Spooky or not, snooty jealous trees go back to Snow White and the Wizard of Oz and their jagged lightning bolt limbs and, wrinkled gnarled faces were expressionistic and spooky.
I mean it's sort of surreal enough to cause dismay for us poor mortals at the very least. If you want to lighten the tone, you are going to have to exaggerate the facial expressions such that they look more or less harmless, but with an attitude -- either inept and jealous or noses turned up in mild disdain. Thin line, I know.
Also lightening things up in value might make it less threatening. Deep shadows in a dark enchanted forest are going to trigger primal responses to the dangerous.
You can also keep the warmer colors near the source and cool them as they get more distant. That way it's not all beholding to the values only. What you're really wanting to do is show a difference in tonality to reflect what is going on psychologically.
For the simple value lighting, I would pick a light source -- what? the daisy having the light emanating from it. If so, plot it out accordingly and keep it consistent. And then, if you feel up to it, you can do a little secondary light on the trees -- with a green tinge perhaps to show off their jealousy. . . and/or a little rim light to snazz it up a bit and define the form of the trees if they are getting too dark and lost against the background.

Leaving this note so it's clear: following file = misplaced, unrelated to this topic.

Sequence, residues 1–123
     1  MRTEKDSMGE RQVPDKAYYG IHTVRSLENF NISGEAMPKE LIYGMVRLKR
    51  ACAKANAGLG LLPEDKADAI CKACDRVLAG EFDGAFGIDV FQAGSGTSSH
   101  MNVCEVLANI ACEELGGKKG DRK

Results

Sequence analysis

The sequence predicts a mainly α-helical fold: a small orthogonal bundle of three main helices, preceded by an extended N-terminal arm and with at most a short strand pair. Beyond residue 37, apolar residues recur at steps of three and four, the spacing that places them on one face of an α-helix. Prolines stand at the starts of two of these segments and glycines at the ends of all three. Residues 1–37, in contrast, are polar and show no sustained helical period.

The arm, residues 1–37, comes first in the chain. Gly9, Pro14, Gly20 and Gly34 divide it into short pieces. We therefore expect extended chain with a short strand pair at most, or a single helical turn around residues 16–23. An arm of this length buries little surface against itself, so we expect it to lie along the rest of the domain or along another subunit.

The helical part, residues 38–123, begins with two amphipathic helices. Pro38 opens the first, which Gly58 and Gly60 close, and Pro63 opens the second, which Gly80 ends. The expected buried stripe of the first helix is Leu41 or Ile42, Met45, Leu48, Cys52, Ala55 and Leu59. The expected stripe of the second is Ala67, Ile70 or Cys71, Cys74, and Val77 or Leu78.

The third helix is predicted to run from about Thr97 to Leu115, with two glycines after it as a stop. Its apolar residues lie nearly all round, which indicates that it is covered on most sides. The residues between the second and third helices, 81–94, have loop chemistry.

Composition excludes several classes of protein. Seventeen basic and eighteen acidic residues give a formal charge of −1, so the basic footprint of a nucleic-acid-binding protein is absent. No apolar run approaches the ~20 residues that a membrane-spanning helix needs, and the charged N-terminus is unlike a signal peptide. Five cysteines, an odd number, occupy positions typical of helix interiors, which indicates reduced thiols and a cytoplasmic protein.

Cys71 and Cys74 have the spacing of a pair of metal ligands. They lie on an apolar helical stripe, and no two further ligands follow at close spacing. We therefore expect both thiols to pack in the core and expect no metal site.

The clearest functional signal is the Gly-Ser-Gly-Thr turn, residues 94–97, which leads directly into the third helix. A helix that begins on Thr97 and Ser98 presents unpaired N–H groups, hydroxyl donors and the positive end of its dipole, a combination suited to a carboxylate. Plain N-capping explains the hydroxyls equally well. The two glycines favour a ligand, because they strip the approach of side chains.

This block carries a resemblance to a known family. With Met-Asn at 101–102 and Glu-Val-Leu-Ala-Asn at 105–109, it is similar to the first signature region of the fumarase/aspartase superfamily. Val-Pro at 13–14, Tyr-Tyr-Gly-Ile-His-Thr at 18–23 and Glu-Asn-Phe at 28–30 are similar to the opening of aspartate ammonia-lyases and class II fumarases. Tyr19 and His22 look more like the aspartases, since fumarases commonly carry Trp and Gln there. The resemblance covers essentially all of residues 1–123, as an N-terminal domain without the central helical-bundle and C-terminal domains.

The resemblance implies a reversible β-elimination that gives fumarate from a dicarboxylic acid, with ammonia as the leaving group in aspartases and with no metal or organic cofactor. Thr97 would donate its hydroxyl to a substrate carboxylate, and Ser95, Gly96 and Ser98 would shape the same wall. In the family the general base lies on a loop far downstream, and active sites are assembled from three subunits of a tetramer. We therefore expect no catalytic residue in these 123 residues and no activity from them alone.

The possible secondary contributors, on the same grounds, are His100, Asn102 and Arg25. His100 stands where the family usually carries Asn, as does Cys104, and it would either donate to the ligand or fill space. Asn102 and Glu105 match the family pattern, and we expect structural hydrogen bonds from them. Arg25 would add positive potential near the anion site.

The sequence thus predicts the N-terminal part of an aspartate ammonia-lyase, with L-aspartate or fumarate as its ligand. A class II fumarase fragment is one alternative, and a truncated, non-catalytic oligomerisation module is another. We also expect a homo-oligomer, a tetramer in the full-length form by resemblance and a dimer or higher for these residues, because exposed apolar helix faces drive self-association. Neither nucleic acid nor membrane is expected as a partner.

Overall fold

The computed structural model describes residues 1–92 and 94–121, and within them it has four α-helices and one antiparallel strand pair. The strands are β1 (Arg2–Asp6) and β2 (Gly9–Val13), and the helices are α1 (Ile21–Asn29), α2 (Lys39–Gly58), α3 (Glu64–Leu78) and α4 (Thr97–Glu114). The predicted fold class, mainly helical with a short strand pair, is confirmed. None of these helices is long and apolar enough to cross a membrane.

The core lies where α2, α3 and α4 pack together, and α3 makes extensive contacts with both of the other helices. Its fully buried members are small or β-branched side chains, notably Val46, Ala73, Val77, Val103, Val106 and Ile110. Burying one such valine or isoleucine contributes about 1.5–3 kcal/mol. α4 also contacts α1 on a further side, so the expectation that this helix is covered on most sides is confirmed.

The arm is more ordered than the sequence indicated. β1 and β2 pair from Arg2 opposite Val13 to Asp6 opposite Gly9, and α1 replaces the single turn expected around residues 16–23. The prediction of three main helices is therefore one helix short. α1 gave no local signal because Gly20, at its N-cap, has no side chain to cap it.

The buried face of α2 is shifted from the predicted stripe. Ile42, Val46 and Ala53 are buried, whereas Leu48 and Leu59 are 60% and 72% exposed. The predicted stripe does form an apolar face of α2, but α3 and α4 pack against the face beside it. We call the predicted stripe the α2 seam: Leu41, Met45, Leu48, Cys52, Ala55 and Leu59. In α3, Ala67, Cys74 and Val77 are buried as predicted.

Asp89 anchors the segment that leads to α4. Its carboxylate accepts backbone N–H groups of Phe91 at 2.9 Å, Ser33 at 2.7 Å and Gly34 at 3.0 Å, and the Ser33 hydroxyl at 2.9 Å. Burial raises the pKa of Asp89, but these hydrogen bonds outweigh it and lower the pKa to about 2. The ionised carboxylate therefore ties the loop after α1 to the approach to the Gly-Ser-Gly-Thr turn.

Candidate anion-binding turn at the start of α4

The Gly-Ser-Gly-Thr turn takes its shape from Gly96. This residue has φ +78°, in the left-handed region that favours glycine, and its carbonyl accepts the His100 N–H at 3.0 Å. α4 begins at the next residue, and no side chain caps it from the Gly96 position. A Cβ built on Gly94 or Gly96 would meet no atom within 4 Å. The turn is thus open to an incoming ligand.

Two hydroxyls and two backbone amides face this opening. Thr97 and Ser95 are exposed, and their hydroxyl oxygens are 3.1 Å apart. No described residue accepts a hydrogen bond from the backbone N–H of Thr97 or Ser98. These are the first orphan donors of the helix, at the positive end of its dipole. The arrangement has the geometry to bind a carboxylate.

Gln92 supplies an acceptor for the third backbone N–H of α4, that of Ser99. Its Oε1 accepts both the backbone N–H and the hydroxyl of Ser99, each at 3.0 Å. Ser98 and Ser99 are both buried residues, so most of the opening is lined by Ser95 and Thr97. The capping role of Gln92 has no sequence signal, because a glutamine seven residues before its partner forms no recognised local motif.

It's a complicated thing, and anything you do is going to push the mood in one particular direction or other. So you may want to get clear on what you want to say and then light it for that mood.
And if you aren't clear on it, then do some research for pics that match where you want to go and borrow some tried and true ideas from that. There are a ton of animated movies that have dramatic lighting, and if you buy, rent or borrow a DVD you can run through it doing some screen grabs for reference that can be analyzed.
Hope this helps.
"Not a bit is wasted and the best is yet to come. . ." -- remembered from a dream